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GHF in the News November 03, 2017

Cost of Trinkets: A Growing Archaeological Looting Network Between Thailand and Myanmar

Ancient jewelry, coins, and tiny ornaments for the mantelpiece may seem harmless when compared to a large bust or stolen sculpture, but the cumulative process to seek, loot, and put these materials on the market for consumers is much more destructive towards heritage than we often perceive. Read more…

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GHF in the News November 03, 2017

A Walk Down the Enchanting Stepwells of India

Unique to India, stepwells have been an integral bridge between several Indian civilizations and traditional water harvesting techniques. While the first ones were built as early as 600 CE and reached their height till the twentieth century, they’ve been forgotten with the technological advances of the present and are still hidden from many…

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GHF in the News November 03, 2017

Saving historical legacy

For over the past 50 years, Gopaldas Mukherjee, affectionately known as Botuda, has lived his life with passion. He has never been after materialistic possessions of the world that is often used as a yardstick to judge the stories of success and failure. Read more…

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GHF in the News November 03, 2017

Overtourism and Lax Oversight Threaten Great Wall of China

Three spring weekends saw stampedes at the Great Wall, China’s most iconic monument. In fact, these holidays, while they’ve existed on the Chinese calendar for decades, if not centuries, were codified specifically to give all 1,500 or so miles of the Great Wall and other national heritage and natural areas a break. Read more…

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GHF in the News November 03, 2017

Lamu’s dilemma

In 1981, Joseph Ayugi and five of his friends working in a mining quarry in Likoni moved to Manda Island in Lamu at the suggestion of their foreman. Ayugi says the foreman, who was from the Coast, told them the area was sitting on a colossal amount “white gold”. Read more…

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GHF in the News May 17, 2017

So You Want to Fly Drones for Conservation?

In the recent past, drones have exploded into the public eye. A subject of constant controversy, they summon debates about personal privacy, the dynamics of political conflict, and the dangers of the power they confer on the individuals who control them. But how about the ways drones can creatively contribute to society? Read…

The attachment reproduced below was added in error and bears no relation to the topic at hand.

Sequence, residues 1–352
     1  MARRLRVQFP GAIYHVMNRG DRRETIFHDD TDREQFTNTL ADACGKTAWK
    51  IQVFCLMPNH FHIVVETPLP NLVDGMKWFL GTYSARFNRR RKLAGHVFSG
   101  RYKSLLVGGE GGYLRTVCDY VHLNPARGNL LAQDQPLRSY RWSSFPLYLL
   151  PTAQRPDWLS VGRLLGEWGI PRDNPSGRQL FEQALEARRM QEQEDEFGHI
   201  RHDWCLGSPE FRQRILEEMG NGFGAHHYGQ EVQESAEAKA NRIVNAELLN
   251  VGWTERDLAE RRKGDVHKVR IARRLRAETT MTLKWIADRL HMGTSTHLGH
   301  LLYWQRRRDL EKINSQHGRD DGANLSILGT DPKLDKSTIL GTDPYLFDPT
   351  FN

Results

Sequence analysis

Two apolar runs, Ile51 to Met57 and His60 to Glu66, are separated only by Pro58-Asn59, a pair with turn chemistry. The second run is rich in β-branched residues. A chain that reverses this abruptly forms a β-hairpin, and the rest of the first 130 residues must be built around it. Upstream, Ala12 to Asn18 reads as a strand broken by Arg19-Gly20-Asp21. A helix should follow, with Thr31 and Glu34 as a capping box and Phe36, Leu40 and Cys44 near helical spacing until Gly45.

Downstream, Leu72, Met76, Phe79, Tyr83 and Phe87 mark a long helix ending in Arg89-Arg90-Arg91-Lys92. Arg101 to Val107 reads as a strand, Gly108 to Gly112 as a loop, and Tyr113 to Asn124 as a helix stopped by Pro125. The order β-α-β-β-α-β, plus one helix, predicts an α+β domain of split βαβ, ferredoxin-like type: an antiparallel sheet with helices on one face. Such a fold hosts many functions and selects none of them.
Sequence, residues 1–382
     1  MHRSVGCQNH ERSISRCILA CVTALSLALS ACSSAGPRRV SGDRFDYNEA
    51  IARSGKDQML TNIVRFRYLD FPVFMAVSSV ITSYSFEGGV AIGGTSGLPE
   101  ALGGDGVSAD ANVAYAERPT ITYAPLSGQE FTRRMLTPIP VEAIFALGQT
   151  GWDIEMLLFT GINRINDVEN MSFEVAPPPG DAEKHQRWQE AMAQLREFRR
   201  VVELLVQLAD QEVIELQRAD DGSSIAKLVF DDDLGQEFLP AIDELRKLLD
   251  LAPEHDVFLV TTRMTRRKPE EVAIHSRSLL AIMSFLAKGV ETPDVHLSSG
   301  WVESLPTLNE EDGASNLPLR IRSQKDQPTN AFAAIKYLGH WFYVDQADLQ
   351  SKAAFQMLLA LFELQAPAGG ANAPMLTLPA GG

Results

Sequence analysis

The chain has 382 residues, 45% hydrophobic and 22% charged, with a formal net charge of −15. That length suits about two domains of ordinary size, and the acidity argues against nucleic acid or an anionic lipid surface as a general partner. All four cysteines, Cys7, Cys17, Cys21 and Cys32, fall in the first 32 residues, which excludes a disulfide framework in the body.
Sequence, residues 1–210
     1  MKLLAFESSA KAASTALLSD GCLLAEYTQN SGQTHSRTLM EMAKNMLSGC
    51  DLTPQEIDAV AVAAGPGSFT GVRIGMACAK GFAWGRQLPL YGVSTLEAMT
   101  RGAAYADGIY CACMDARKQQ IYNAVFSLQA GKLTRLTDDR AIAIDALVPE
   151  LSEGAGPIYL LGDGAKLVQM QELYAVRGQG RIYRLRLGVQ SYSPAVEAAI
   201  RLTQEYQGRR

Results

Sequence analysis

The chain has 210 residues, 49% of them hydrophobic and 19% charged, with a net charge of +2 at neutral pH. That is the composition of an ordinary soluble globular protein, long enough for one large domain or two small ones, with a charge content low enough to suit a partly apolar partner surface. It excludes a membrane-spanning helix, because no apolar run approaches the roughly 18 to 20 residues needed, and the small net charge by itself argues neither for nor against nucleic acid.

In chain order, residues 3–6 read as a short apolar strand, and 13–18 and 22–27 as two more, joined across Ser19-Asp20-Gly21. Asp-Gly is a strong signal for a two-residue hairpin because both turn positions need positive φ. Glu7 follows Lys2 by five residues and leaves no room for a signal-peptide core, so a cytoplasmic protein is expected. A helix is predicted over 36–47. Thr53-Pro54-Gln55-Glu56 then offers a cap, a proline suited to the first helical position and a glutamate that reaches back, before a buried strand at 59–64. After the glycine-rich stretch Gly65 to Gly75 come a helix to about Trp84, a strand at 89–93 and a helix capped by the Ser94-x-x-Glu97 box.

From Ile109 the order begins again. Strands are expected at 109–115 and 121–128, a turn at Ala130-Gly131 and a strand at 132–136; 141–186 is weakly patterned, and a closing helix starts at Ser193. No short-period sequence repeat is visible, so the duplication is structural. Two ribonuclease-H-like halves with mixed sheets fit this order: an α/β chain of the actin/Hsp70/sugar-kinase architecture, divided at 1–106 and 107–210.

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GHF in the News April 27, 2017

AFR Lunch: Tony Wheeler, the Lonely Planet founder still living the dream

It’s perhaps unsurprising that I need to travel to have lunch with a man who has made a life, and a fortune, out of travel. Tony Wheeler, the backpacker who built the Lonely Planet guidebook business after travelling across Asia on the cheap 45 years ago, is on his annual summer holiday with…

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GHF in the News February 24, 2017

Lonely Planet co-founder: ‘The first book was an accident’

Tony and Maureen Wheeler co-founded Lonely Planet in 1973 after the couple travelled overland from London to Australia. The travel publisher, which has since printed more than 120 million books in 11 languages, sold a 75% stake in the business to BBC Worldwide in 2007. The Wheelers sold their remaining 25% stake in…

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GHF in the News February 02, 2017

Cambodian Government Makes Bid to Add More Heritage Sites, Including Banteay Chhmar

The Ministry of Culture and Fine Arts is preparing documents to add Banteay Chhmar temple to a list of tentative World Heritage Sites while it awaits the results from Unesco over another temple complex. Read more…

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GHF in the News January 20, 2017

Bahrain Authority for Culture and Antiquities President Meets Global Heritage Fund CEO

Bahrain Authority for Culture and Antiquities (BACA) President Shaikha Mai bint Mohammed Al-Khalifa received Global Heritage Fund executive director Stephan Portman and discussed cooperation and ways of protecting heritage vestiges in Arab countries. Read more…